When I was writing my last blog post, “An Open Apology to Dolly Parton,” I had glanced up at a print on my mantel that says, “I see you, I get you, I love you.”
I originally bought it several years ago as a message to Nina, but over time I’ve hoped it has spoken to anyone who enters our living room and needs a message of understanding and acceptance.
I also hope it’s a mentality that Nina and I strive to live by — to see, to accept, and to appreciate people for who they truly are, regardless of our differences.
It’s not always easy, and I certainly didn’t get it right with Dolly Parton for too long. When I posted the apology, I had no idea — much less intention — that the letter would go viral with more than 2.5 million viewers and over 1,350 comments posted on the blog.
When WordPress editor Ben Huberman asked to do a Q&A for WordPress Discover about the response, I said that based on the comments I’d read, the post seemed to either strike a chord of harmony or hit a sensitive nerve about regional, class, gender, or political divides. But a main thread through the comments reflects just how deeply Dolly Parton’s altruistic acts, not to mention her talents, have touched people.
For example, Chris Carrier wrote, “I’m a volunteer firefighter and was deployed to Pigeon Forge on the 29th to fight fires. Early Wednesday morning around 3 am we were sent to DreamMore resort to sleep. Dolly opened her resort for firefighters to rest, shower and sleep, at no cost to us.” On that note, Jennifer Berkley responded that her two brothers were among the firefighters who stayed at Dolly’s DreamMore resort, and they found a sign hanging on their door that read, “Do not disturb! One of our firefighter heroes is sleeping.”
Other local readers mentioned that Dolly established an incentive program that has drastically raised the graduation rate of Sevier County high school students, and that she pays their tuition at a nearby community college. An article by Travis M. Andrews in The Washington Post, Tennessee Fires Brought Dolly Parton A New Mission-And An Apology, beautifully laid out how Dolly’s upbringing inspired both her down-to-earth attitude and her dedication to helping others, especially folks in her native East Tennessee region.
But it was a comment from “Tranny T.” that I kept returning to, and that captured how Dolly’s kindness has reached people on such deeply personal levels while simultaneously acknowledging the universal human spirit.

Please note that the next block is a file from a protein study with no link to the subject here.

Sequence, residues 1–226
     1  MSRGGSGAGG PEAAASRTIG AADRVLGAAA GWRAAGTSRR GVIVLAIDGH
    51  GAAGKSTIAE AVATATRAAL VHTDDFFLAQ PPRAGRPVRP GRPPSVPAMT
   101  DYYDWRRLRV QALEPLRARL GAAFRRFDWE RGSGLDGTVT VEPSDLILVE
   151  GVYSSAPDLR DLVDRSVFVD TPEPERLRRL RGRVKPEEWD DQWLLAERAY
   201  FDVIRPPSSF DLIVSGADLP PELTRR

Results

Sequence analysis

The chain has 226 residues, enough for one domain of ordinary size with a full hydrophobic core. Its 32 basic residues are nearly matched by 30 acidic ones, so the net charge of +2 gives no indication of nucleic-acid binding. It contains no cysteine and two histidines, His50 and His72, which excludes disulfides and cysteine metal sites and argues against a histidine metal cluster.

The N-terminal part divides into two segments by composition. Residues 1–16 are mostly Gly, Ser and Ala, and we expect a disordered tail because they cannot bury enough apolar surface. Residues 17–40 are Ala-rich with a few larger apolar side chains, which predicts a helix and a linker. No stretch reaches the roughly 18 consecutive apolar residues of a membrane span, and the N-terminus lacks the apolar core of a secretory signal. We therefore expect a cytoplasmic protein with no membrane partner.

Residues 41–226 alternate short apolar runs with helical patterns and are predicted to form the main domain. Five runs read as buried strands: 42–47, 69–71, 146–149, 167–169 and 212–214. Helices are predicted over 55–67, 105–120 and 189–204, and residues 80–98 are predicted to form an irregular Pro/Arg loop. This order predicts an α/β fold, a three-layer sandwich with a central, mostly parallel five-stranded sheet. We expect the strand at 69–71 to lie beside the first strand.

Tranny wrote that she grew up as a “poor little feminine boy in a small town in West Virginia,” whose family of six did without many things such as running water and electricity. But her mother sang Dolly’s songs, and when Tranny saved enough money to buy “White Limozeen” he wore the cassette out from playing it so often.
After years of bullying, abuse, and a near suicide, Tranny moved to East Tennessee as a gay man at the age of 20. During a visit to Dollywood, Tranny encountered Dolly and burst out crying.
Dolly said, “Well good looking, why you crying?” Tranny told her how much she had inspired him as a child, and Dolly reassured the young man everything was going to be ok. Dolly then told him, “I see the sweetness of your heart in those gorgeous steel blue eyes and I bet there is a story to tell behind them!”
Several years later, after more experiences of hatred and brutality, Tranny once again came face to face with Dolly at a small concert in West Virginia. Tranny — now transitioned to the woman she felt she was always meant to be and not the gay young man Dolly first met — wrote that they looked at one another and then Dolly said, “I remember those beautiful eyes!”
Tranny was confused at first, but then smiled when she remembered what Dolly said years earlier. She wrote, “She then spoke and said, ‘Seems like all those past sorrows have finally faded away!’ I couldn’t believe it but it was like she knew what had happened to me as a child and how far I had come to where I am today … She didn’t miss a beat but with her loving and calm voice reassured me I was going to be ok again.”
Just as she had done when she was a young country girl who was drawn to the “painted lady” in Sevier County, Dolly once again saw the value and beauty in someone whom others had so easily judged and demeaned. And isn’t that what we all long for in the deepest core of ourselves — to be accepted, even celebrated, for who we truly are?
I see you
I get you
I love you
— Amy Rawe
* Regarding the print pictured above, if anyone knows the name of the artist please let me know. I can’t make out the signature, and there is no identifying information on the back. I bought it from a man at the Artsclamation! show in Knoxville, held at Sacred Heart Cathedral School at least two years ago, possibly longer.